I think when we hear the word “eulogy,” what comes immediately to our mind is a funeral and the one (or ones) who speaks regarding the life and actions of a deceased friend or family member (one’s enemies are rarely invited to speak at their funeral, notwithstanding the reality that sometimes the enemy and the family member are the same person – but I digress).
In the Greek New Testament the word that is translated “bless,” “blessed,” “blessing,” is the word eulogeo which means, literally, “to speak well of,” or “to praise, to celebrate with praises, and acknowledge goodness.” [Vine, W. E., Expository Dictionary of New Testament Words.] (I’m trying to make this post more intellectual, don’t you see?)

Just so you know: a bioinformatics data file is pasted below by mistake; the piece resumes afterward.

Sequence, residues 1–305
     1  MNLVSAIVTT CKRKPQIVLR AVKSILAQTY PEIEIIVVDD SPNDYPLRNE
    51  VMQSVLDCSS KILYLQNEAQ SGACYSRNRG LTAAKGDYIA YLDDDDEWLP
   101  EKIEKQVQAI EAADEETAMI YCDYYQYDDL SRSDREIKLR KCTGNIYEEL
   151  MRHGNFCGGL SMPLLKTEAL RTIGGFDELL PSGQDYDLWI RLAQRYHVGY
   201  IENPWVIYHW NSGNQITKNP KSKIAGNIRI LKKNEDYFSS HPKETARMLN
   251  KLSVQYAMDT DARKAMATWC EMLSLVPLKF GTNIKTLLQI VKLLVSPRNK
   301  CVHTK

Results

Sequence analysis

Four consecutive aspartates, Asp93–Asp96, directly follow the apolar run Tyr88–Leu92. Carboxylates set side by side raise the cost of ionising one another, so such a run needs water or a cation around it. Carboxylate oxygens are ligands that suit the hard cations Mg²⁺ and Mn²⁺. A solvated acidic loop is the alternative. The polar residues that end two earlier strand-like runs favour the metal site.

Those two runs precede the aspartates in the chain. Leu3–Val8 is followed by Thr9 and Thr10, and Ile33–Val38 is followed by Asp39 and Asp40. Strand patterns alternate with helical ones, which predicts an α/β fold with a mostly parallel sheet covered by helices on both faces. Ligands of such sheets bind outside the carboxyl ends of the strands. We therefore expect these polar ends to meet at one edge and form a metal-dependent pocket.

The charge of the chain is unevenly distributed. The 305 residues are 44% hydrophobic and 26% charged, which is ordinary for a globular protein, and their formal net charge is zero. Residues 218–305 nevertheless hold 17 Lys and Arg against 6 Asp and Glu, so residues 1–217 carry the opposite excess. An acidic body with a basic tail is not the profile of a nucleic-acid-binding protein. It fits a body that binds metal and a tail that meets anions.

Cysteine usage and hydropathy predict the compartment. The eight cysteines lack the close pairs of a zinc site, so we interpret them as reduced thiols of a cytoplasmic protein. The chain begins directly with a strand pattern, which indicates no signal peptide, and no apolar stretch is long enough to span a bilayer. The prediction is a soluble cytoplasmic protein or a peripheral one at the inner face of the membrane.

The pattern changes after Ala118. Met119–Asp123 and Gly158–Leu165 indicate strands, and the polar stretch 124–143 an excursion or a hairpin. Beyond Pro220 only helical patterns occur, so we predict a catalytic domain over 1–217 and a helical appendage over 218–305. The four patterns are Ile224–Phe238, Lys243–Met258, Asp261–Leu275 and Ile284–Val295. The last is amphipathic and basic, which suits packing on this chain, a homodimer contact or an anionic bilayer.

What if we made it a point to use our “eulogy” skills prior to speaking at the funeral or memorial service for our friend or family member? What if, every day, in every conversation, we chose to “speak well” of someone. . . or for that matter, everyone? What if we focused most on “acknowledging goodness” that we see in others rather than focusing on failures, mistakes, and how difficult one can be at times. . .or for that matter, all the time?
You may have never spoken at a memorial service or funeral. You may never have or choose that opportunity. But don’t let your eulogies go to waste. Try them on someone near you today. If you don’t know how, let me know. We have a lady in our Church who is so good at eulogies, everyone could learn from her.